James Redmond WPA Drawing of Cat and Insect from the 1930s
Here we have a large original WPA drawing of a black cat and insect by James McKay Redmond, a California artist from the 30s/40s who gave his life at the Battle of the Bulge.
This is just a great drawing that has everything going for it: the look, the subject matter, and the powerful history of the artist. I think it's composed of both charcoal and graphite but I'm not certain.
Let's get right to the background:
Here's a biography courtesy of the book "Artists in California, 1786 - 1940" by Edan Hughes (Who's Who in American Art 1938-41; Los Angeles Times, 7-22-1945) Source page
"Born in 1900. Redmond was active in Los Angeles by the 1920s and a pupil of Stanton MacDonald-Wright at the ASL. During the Depression he painted murals for the Federal Art Project. During WWII he was a staff sergeant in the Corps of Engineers until his death in the Battle of the Bulge on Dec. 21, 1944. Exh: Modern Art Workers (LA), 1925; LACMA, 1928; Zeitlin Book Store (LA), 1929, 1933; Calif. Art Club, 1929; Architects Bldg (LA), 1929; Younger Painters of LA, 1930; Beverly Hills Hotel, 1932; Stickney Hall (Pasadena), 1932; Rose Bookshop (Hollywood), 1933; Santa Monica Woman's Club, 1933; Barbieri-Price Gallery (LA), 1934; Foundation of Western Art (LA), 1935; Santa Monica Public Library, 1935; Painters & Sculptors of LA, 1936; Rivers"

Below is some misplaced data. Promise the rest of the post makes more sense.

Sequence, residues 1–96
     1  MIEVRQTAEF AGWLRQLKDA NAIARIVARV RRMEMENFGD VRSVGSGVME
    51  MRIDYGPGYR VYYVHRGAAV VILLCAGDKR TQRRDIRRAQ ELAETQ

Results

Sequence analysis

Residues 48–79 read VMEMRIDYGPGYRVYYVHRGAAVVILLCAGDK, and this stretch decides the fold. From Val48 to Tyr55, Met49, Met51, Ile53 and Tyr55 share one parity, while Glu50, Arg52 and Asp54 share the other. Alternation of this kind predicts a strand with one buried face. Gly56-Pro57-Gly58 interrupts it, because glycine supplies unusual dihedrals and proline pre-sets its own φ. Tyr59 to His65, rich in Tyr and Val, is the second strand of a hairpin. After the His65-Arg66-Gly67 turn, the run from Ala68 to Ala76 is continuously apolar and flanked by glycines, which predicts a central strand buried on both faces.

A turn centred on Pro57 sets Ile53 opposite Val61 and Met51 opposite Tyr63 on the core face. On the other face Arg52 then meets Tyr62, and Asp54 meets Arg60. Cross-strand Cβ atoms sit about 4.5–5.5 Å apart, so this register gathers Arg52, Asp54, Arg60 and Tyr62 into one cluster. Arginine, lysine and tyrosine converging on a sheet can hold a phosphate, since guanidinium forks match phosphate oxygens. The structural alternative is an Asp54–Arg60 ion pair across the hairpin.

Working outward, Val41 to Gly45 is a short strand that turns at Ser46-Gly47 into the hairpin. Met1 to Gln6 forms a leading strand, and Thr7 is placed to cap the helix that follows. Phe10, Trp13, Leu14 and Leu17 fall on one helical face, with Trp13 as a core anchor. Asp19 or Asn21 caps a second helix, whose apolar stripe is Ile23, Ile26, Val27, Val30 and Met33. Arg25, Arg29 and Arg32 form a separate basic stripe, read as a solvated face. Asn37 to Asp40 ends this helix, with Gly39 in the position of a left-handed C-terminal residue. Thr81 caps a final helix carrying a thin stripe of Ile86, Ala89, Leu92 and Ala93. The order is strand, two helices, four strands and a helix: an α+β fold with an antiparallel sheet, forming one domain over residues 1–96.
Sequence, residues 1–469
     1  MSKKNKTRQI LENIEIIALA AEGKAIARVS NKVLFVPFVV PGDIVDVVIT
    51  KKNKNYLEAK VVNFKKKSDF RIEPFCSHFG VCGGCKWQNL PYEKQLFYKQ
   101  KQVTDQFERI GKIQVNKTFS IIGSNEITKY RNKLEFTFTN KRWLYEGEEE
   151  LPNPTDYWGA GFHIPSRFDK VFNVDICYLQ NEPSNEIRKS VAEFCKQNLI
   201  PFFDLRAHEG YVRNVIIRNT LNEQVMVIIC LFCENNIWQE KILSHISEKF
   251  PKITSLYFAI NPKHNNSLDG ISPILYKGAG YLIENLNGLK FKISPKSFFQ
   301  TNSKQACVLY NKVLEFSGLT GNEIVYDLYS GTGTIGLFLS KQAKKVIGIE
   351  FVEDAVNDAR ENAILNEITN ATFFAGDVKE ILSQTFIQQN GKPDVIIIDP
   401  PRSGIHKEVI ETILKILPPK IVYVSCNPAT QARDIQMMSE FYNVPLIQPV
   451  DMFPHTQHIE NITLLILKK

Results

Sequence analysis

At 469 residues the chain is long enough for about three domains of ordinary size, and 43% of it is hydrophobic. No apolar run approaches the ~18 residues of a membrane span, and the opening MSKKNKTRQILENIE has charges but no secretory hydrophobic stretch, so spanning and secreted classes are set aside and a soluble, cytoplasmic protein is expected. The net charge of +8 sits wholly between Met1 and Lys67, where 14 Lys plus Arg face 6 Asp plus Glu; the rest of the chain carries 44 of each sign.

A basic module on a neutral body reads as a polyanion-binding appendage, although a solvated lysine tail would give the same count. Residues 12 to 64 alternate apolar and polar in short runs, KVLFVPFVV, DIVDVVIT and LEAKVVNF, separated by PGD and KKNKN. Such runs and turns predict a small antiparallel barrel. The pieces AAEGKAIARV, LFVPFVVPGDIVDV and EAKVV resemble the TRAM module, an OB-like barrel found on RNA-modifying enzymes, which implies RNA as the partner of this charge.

Here are some pictures of a New Deal mural in California, painted by the artist.
Here's a great article about the Art Students League (ASL) of Los Angeles, where Mr. Redmond was a student and teacher.
Here's the only other available piece I could find by Mr. Redmond. It's a lithograph from the cat series of drawings.
The framed artwork measures 25" wide and 19" tall. The exposed drawing measures 19 1/2" x 13 1/2". The drawing paper is experiencing some slight "waves" within the matting (see pic). There are a few minor discoloration spots, and the matting is discolored along the inner edges. I feel these aspects don't take away from the overall look of the piece.
The frame still holds the draiwing and matting. In my opinion the original reverse cardboard backing should be replaced. The glass has no visible cracks but does have some general wear from over the years.
When the cardboard backing is removed, you can see a watermark in the top right corner (see pic). The bottom part says "Drawing Board" but I can't make out the rest. The drawing paper is attached to the matting with some kind of adhesive (see pic). Please see all pics as they are part of the description.
I ship to the continental USA only. Free shipping on this rare original drawing.
What an honor to own such a unique piece by a WWII war hero. I think we're all lucky that Mr. Redmond produced some great pieces before he gave his life to a noble cause. Thanks to him, his family and all who knew him.